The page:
The numbers that describe binoculars (for example the Leica Binocular Trinovid 8X20 BCA) relate to their magnification power (e.g. 8x, 10x, 12x etc.) and the diameter of their objective lenses (e.g. 50mm, 42mm, 36mm etc.). The greater the power of their magnification, the larger the binoculars will make your viewing objects appear as you look through them. For example, if your viewing subject is 150 metres away, and your binoculars have a magnification power of 10x, the subject will look the same size as a subject that is located only 15 metres away when not using binoculars. A larger diameter of the objective lens allows for more brightness and detail, as it can admit more light than smaller diameters

Digital magnification, often comes with zoom functionality and electronic image stabilization. Some digital binoculars, for example from Sony, even allow you to record videos and take pictures . These binocular variants are also referred to as 'Binocams'.

Interpupillary distance, diopter adjustment and eye relief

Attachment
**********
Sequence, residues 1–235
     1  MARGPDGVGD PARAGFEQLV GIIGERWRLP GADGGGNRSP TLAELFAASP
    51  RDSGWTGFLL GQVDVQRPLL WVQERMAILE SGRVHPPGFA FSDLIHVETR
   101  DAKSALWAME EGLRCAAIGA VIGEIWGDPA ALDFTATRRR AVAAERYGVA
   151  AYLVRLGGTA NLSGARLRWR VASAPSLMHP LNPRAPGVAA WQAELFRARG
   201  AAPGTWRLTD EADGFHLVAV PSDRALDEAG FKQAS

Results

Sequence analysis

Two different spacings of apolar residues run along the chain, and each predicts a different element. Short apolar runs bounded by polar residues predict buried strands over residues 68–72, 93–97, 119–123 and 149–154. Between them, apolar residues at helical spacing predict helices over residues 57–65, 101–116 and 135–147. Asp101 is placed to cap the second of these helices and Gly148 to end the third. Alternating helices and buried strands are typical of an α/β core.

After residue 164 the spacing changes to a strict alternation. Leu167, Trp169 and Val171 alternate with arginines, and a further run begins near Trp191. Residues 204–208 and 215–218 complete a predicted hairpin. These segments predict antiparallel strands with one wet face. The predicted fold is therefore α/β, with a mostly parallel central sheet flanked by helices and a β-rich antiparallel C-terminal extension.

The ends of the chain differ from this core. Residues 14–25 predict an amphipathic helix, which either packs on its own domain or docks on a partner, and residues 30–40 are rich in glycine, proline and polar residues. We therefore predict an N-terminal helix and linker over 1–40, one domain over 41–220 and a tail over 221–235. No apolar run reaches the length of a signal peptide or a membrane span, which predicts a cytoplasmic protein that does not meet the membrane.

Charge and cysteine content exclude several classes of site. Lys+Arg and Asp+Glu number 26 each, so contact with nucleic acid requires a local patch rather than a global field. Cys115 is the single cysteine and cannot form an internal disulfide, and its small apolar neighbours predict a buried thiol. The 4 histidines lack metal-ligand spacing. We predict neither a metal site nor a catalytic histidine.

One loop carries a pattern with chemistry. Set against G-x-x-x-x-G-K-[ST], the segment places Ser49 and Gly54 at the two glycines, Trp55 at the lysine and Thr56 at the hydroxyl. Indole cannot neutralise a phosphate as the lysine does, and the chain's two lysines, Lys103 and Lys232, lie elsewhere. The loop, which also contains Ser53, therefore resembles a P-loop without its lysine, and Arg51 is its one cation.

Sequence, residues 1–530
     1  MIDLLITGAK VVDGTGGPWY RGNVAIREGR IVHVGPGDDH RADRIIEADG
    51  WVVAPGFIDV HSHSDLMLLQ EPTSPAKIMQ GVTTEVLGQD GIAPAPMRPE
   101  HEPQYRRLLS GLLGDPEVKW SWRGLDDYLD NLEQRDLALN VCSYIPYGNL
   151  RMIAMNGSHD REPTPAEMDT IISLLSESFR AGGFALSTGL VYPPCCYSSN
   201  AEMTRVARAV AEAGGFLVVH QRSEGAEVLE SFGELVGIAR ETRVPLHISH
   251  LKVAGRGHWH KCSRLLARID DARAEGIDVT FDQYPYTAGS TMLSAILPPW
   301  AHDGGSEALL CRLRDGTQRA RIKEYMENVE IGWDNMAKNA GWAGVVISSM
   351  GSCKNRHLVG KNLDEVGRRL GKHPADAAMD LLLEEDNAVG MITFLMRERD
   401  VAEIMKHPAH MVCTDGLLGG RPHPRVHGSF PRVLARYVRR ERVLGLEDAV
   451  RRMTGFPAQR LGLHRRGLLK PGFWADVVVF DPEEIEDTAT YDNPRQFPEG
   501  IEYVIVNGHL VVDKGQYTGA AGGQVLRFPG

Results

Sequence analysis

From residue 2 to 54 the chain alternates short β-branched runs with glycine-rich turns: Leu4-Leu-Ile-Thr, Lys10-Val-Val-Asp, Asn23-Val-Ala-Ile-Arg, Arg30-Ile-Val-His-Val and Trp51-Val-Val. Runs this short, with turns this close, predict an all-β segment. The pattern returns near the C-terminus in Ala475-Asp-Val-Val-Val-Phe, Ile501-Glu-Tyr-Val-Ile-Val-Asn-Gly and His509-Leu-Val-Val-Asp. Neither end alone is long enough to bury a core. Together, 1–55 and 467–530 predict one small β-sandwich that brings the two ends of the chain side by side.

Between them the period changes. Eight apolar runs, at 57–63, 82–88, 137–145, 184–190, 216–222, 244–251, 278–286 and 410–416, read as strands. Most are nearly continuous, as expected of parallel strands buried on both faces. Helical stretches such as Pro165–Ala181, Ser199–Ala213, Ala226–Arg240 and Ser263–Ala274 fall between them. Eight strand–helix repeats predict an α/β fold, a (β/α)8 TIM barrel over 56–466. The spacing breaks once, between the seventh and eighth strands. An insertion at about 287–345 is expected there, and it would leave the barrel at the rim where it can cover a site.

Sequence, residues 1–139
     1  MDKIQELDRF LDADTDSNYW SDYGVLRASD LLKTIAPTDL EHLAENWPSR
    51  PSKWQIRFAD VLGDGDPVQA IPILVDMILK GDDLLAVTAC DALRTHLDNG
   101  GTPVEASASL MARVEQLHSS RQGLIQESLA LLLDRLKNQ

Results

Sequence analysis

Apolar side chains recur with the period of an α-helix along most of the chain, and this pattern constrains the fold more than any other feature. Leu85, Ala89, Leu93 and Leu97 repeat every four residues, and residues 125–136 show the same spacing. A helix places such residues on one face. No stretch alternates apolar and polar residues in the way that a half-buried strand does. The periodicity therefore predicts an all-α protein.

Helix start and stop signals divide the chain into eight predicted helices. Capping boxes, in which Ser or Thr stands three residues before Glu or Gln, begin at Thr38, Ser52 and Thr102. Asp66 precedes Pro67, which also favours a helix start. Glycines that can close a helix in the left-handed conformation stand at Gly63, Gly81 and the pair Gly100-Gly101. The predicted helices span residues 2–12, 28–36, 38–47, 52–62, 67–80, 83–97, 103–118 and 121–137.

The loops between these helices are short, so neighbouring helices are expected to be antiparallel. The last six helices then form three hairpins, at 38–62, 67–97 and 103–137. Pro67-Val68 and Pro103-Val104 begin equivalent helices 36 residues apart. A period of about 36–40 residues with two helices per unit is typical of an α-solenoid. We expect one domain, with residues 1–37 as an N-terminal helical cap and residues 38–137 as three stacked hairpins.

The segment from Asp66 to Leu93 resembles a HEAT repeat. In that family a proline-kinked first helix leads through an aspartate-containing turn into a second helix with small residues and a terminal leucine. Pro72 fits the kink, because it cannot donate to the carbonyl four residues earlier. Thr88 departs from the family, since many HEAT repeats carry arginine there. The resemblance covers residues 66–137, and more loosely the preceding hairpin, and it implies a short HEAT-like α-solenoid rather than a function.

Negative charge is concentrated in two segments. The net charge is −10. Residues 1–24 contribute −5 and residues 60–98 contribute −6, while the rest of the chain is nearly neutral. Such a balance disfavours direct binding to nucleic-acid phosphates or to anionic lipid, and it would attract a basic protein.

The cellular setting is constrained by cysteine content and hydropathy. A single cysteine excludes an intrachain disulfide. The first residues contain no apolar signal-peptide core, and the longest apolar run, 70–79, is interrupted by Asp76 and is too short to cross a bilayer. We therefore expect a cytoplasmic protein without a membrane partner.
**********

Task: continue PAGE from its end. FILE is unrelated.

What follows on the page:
Besides adjusting the distance of the eyepieces of the telescope lenses in order to match the interpupillary distance of the user's eyes, diopter adjustment is available in binoculars as well. This means that you can adjust the lenses according to the visual acuity of your left and right eye individually in order to get a crisp, sharp image .

Another component that can affect clarity and viewing comfort is 'eye relief' - the distance from the outer surface of the eyepiece lens to the eyepoint. "Looking through binoculars from the eyepoint, you can obtain the whole field of view without vignetting. It is recommended for eyeglass wearers to use binoculars with a longer eye relief (high eyepoint)" , so they're not restricted to a smaller field of view.

Field of view (FOV) and range finding

Your binoculars' field of view is the width of the scenery able to be observed. The FOV is usually described in two ways: 'angular' or 'real' field of view, and 'linear' or 'apparent' field of view. Real field of view is the true angle of the visible field seen through the optics of your binocular. It's measured in degrees, from the central point of the objective lens. The larger the value is, the wider the FOV. A greater magnification yields a smaller field of view. In general, a smaller magnification with a larger FOV is great for scanning scenery, and is ideal for discovering and observing fast movements .